From Table 3 it is seen that the molecular size of helium (2.60 Å) and hydrogen (2.89 Å) are similar with both having very low boiling temperatures. This indicates that PSA processes used for hydrogen purification potentially have many common features to helium purification processes. Rufford et al (2014) stipulates the potential of new technologies that are under development for hydrogen purification that can also be applicable to helium purification. In general, modern PSA units for hydrogen purification use layered adsorbent beds with three to four adsorbents (silica, alumina for water, activated carbon for carbon dioxide, and 5A zeolite for methane and nitrogen; Ritter & Ebner, 2007). Similar multi-layer bed designs are researched for Helium recovery processes (Baksh, 2010).
Important to note is that PSA units are designed to treat a feed stream that is already upgraded (helium > 90 %), else the adsorbent will be too readily saturated by non-helium components. PSA is only used during upgrading and purification stages where nitrogen and traces of methane are removed from the helium (downstream of NRUs) (Daly, 2005; Lindemann et al, 2010).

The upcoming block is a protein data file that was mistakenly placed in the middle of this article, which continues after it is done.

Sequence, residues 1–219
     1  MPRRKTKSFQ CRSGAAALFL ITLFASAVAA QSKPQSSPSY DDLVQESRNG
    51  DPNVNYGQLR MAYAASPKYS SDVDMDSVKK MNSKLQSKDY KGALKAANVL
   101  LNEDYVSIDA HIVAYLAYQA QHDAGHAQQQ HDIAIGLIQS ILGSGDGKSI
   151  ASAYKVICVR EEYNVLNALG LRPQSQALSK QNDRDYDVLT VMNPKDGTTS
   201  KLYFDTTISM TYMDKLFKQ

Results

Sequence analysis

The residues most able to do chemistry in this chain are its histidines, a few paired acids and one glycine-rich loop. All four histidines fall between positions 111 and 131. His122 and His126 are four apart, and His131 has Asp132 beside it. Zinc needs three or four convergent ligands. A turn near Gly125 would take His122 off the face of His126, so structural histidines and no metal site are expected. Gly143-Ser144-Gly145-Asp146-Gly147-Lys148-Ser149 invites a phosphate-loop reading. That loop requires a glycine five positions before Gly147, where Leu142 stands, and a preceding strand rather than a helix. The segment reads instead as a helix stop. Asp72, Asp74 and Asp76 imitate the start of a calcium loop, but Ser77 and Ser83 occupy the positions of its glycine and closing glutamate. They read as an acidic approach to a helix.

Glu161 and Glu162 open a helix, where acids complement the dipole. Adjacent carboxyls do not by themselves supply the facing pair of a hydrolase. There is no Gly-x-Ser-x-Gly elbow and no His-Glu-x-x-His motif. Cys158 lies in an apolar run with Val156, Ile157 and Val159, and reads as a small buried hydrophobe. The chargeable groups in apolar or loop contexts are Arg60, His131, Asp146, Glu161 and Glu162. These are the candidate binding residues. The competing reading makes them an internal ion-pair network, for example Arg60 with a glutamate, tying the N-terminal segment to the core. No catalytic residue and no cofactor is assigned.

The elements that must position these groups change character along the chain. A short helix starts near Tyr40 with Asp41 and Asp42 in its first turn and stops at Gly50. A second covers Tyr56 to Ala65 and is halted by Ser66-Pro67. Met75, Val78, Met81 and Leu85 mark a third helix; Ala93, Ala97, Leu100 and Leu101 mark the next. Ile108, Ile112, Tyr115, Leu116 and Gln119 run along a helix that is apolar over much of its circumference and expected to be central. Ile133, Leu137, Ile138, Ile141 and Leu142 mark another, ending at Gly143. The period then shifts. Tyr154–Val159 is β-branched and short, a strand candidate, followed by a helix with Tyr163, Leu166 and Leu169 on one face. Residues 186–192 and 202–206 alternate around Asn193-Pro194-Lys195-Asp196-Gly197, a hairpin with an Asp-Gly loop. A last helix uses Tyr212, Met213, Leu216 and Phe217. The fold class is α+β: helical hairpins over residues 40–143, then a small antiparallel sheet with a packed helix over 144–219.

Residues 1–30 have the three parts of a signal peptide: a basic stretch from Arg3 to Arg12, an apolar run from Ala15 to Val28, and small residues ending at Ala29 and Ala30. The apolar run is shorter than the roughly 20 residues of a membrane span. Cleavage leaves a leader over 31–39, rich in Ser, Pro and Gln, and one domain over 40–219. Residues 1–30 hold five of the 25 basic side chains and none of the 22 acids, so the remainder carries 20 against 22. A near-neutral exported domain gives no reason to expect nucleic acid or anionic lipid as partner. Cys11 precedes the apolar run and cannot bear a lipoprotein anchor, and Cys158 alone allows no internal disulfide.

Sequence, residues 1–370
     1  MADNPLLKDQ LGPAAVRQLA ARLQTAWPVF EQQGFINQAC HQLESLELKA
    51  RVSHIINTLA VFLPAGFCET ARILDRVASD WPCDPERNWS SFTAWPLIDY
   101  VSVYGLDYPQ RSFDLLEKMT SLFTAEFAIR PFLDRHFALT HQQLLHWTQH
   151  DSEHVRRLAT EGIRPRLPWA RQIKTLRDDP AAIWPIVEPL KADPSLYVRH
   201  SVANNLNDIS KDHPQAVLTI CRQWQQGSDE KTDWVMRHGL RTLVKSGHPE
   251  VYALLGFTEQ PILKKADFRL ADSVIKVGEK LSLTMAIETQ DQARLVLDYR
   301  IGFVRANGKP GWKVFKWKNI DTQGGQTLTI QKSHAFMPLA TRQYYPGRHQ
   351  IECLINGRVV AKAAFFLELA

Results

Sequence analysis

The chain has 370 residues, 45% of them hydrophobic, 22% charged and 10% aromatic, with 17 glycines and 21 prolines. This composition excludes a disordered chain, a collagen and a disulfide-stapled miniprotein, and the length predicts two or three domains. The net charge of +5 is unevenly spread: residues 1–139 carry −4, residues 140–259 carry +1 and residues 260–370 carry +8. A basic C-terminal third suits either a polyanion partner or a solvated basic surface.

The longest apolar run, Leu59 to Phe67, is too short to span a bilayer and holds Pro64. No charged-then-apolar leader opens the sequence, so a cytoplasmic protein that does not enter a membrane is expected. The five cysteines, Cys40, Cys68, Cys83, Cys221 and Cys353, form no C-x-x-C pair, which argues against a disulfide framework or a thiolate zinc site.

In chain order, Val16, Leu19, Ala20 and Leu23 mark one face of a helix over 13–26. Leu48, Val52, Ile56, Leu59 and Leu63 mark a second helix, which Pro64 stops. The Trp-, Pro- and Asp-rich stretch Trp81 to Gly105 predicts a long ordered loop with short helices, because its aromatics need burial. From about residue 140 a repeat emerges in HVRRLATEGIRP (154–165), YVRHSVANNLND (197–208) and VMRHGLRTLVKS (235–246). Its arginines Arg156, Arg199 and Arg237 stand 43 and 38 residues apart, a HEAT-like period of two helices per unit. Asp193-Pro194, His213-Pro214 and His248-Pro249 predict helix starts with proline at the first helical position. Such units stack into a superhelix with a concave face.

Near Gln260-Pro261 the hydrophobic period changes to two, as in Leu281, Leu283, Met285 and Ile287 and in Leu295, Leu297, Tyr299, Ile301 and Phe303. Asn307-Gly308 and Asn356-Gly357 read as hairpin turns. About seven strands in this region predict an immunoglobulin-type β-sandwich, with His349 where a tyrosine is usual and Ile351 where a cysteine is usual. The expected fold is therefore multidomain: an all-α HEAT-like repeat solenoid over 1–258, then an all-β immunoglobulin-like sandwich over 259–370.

Commercially available zeolites and narrow pore activated carbons with reasonable adsorption capacities for nitrogen make suitable adsorbents for helium purification. Table 4 lists commercial adsorbents used in industrial processes of hydrogen purification that potentially can be used in PSA processes to separate heavier components from helium. Baksh (2010) also patented the use of calcium and lithium-exchanged 13X adsorbent.
Table 4: Commercial adsorbents with potential for PSA units for helium upgrading and purification (Rufford et al, 2014)